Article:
On a clear, muggy night at Cape Canaveral, with the occasional shooting star from the Perseids meteor shower streaking overhead, Parker watched from NASA’s viewing terrace along with three generations of his family. Cheers and applause erupted as the rocket climbed into the sky, and minutes later, shed its booster engines in a flare of light.
After officials announced the spacecraft was safely on its way, the company hugged, shook hands and took celebratory sips of Parker Solar Pale Ale, made in honor of the occasion by local company Crystal Lake Brewing.
It was a humbling moment for Parker, who was attending his first NASA launch.
“It’s a bit like the Taj Mahal. We’ve all seen pictures of the building and what a graceful structure it is, but ... video and paintings and so forth don’t quite catch it somehow,” Parker said. “It’s in a different state when you’re looking at the real thing.”
NASA said the honor befits the magnitude of Parker’s contributions to science. Parker’s revolutionary scientific career began with his 1958 proposal of the “solar wind,” which radically changed scientists’ understandings of the solar system.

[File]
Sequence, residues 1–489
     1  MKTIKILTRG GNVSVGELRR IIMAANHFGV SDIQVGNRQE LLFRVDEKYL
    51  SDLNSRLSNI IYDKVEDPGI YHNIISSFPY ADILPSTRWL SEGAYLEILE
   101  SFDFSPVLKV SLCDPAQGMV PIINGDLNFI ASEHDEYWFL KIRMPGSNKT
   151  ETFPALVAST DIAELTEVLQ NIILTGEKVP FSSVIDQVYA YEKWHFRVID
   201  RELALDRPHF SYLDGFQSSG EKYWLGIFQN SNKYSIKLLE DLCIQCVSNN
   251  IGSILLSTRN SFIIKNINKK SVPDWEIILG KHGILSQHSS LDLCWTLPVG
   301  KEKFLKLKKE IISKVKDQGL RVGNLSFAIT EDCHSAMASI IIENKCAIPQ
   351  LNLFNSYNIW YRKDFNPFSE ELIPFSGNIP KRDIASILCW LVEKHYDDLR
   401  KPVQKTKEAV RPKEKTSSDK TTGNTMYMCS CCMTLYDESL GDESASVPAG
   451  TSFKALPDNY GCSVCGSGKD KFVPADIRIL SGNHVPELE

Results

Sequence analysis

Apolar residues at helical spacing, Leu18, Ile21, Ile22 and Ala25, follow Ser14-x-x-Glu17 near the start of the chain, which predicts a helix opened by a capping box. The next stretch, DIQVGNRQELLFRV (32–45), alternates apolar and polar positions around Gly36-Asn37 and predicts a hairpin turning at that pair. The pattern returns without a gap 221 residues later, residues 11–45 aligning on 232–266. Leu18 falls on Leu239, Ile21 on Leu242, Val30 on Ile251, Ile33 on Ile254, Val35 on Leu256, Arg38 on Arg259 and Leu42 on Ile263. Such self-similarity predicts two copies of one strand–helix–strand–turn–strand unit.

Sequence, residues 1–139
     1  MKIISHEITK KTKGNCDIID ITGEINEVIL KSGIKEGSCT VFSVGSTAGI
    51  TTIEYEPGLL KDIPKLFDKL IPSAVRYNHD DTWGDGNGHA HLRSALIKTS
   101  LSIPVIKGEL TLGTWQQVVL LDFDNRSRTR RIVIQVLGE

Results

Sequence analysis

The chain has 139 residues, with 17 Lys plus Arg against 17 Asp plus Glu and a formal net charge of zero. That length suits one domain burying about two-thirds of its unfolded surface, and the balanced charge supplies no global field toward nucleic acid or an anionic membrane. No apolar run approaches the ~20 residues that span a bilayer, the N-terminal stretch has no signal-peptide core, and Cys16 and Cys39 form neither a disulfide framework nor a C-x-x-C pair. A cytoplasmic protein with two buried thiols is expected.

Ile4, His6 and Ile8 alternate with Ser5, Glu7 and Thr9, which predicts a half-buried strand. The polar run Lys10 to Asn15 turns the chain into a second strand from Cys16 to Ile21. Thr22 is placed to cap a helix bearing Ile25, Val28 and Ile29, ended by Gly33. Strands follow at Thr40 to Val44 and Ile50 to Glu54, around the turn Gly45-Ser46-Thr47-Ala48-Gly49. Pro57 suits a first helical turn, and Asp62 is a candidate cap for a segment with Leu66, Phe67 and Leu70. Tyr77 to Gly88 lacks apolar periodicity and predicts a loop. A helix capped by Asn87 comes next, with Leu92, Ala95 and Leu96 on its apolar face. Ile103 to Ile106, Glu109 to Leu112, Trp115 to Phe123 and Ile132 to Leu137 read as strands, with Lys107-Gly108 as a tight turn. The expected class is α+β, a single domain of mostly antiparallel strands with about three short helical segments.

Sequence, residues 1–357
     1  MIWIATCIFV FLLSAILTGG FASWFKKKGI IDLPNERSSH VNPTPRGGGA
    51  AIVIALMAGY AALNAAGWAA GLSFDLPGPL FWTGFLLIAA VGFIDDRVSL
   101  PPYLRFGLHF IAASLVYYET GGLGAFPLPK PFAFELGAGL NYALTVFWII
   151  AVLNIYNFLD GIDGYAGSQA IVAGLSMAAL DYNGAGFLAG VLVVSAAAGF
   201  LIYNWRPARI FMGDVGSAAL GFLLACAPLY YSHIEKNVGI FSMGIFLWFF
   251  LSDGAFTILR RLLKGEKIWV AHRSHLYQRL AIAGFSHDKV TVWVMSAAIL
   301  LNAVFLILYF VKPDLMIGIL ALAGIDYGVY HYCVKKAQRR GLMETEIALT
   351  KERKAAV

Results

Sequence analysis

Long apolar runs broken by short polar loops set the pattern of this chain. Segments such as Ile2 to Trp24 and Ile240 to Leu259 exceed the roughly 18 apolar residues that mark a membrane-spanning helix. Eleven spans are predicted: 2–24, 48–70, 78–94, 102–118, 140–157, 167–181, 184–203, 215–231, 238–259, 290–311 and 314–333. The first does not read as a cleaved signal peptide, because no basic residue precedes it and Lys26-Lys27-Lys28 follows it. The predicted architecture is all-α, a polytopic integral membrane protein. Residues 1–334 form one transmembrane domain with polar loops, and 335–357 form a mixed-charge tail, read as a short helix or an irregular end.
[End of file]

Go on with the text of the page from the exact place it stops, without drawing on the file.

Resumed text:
He suggested, and later NASA missions confirmed, that the sun radiates an intense stream of charged particles that travel throughout the solar system at supersonic speeds. This is visible as the halo around the sun during an eclipse, and it can affect missions in space as well as satellite communication systems on Earth.
The discovery reshaped our view of space, stars and their surroundings. It also established a new field of astrophysics, leading NASA last year to name its newest and most ambitious mission to the sun after Parker as a tribute to his work.
“We're so excited and proud that Eugene Parker’s namesake mission, the Parker Solar Probe, launched this morning,” said Angela Olinto, dean of the Division of the Physical Sciences at UChicago. “By first proposing the concept of the solar wind in 1958, Parker revolutionized our understanding of the solar system, and we eagerly await data from this mission that will help us continue to unravel the mysteries of our universe.”